Prague, 17 July 1997 (RFE/RL) - Western press commentary today focuses again on events in Strasbourg, where the European Commission yesterday released a 1,300-page report on the proposed eastward expansion of the European Union.
WALL STREET JOURNAL EUROPE: All States Aim For Union, But Speeds Vary
Brian Coleman examines in an analysis today the commission's recommendation to invite Poland, Hungary, the Czech Republic, Estonia, Slovenia and Cyprus to early membership talks. Coleman writes: "The European Union is starting to look like the Tour de France - with 15 members and 11 candidate countries furiously pedaling in the same direction, but splitting into packs."
Coleman says: "The recommendation is momentous, carrying the promise that Europe may one day put its bitter divisions behind it and emerge as a unified and prosperous entity, following two World Wars that gutted the Continent and ultimately left behind a democratic Western Europe of the haves and a Soviet-dominated Eastern Europe of the have-nots." Coleman concludes that "for now, the momentum is unquestionably leaning toward a broader Europe in which states all aim for the same goal, but travel at different speeds."
FINANCIAL TIMES OF LONDON: Rejected Candidates Still Strive For EU
A news analysis today by Kevin Done examines yesterday's developments from the viewpoint of the Central and Eastern European states that were not recommended for membership talks. Done writes: "The European Commission's efforts to reassure the five rejected East European countries that they were not being left out from expansion plans rang hollow in capitals from Bucharest to Bratislava."
Done quotes Romanian Prime Minister Victor Ciorbea extensively, including Ciorbea's view that all applicant states should be invited to the initial talks. Done also notes Ciorbea's vow to "continue a 'political and diplomatic fight right through until December (1997) for the adoption of a political decision on EU expansion' that would overrule the commission's proposal." Done also emphasizes that the commission's recommendation is not binding, and that a final decision on who to invite to the negotiations will be made at a Luxembourg summit of EU leaders in December.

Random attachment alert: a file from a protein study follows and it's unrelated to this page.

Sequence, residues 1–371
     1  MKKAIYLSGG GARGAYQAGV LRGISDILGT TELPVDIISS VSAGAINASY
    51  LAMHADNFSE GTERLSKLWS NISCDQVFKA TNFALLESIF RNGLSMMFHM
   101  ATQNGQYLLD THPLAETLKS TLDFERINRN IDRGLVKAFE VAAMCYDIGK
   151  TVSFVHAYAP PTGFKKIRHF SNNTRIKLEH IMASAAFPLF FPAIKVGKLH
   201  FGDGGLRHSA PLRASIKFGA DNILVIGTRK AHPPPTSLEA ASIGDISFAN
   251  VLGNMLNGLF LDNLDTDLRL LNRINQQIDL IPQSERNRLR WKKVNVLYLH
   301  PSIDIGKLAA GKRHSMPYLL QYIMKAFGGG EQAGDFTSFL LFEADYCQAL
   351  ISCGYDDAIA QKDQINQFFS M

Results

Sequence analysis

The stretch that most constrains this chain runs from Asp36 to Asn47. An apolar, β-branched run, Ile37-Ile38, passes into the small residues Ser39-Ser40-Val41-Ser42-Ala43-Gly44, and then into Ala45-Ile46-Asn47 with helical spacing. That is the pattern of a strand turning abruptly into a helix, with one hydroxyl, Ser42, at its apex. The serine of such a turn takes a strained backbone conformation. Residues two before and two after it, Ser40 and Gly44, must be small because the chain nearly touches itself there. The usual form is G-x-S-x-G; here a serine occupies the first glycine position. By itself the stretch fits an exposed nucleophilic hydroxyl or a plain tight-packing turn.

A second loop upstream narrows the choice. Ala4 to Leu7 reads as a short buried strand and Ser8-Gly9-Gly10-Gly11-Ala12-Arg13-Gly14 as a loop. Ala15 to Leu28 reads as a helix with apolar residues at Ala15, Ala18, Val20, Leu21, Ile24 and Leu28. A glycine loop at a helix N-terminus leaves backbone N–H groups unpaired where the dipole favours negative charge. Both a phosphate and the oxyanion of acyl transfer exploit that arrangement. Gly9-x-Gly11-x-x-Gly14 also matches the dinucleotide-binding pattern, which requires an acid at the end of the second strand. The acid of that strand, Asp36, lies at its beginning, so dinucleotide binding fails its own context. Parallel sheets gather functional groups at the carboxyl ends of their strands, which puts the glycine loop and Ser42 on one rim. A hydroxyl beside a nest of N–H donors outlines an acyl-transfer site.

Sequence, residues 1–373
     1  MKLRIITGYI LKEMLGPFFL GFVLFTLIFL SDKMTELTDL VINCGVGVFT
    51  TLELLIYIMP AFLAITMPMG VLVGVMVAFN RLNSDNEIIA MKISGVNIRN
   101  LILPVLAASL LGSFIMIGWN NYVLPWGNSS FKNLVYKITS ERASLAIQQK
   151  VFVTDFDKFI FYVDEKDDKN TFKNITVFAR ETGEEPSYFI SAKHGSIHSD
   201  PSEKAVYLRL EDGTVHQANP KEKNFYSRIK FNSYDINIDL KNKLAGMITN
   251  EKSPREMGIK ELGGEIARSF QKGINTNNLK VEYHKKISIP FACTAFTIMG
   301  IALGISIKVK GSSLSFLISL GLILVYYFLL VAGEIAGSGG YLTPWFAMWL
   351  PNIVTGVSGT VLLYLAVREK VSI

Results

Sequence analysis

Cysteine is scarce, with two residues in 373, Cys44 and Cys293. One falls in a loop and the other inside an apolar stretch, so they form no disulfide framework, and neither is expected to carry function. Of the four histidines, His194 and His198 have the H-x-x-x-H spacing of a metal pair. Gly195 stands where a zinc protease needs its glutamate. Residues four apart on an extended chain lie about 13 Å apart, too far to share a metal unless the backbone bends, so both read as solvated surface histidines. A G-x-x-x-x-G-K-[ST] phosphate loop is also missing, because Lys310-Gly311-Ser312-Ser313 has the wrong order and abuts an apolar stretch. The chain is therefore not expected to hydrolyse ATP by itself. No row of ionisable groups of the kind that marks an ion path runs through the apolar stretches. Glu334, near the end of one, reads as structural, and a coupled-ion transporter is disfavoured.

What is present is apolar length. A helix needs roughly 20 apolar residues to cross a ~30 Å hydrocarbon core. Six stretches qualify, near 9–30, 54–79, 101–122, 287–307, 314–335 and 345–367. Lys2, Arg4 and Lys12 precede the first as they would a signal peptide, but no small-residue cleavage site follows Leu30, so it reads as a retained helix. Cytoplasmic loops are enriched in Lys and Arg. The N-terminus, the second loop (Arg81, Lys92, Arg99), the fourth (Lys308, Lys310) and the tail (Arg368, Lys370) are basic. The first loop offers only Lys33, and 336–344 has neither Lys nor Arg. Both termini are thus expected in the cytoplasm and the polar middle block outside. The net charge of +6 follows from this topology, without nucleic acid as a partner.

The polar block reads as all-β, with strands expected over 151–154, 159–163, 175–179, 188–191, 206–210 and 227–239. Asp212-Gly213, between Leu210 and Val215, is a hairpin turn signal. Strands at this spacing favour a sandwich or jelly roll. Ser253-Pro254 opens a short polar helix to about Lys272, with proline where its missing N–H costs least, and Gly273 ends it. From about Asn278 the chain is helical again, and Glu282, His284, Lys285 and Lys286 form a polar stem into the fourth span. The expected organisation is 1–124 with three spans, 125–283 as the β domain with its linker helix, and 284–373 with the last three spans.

FINANCIAL TIMES OF LONDON: EU Expansion Frought With Challenges
Lionel Barber comments in today's newspaper that the EU is now formally committed to expansion. Barber writes: "Now there is no turning back. With the publication of Agenda 2000, the European Commission's 1,300 page blockbuster on enlargement, the historic process of admitting 10 former Soviet bloc countries in the European Union is finally underway." Summarizing the commission's report, Barber says: "The vision of an ever closer Union is shifting towards the looser confederation of nation-states favored by Britain. The new Europe will have a longer frontier with Russia as well as borders with Ukraine, Belarus and Moldova. It will enjoy direct access to the Black Sea and closer contacts with the Caucasus and Central Asia."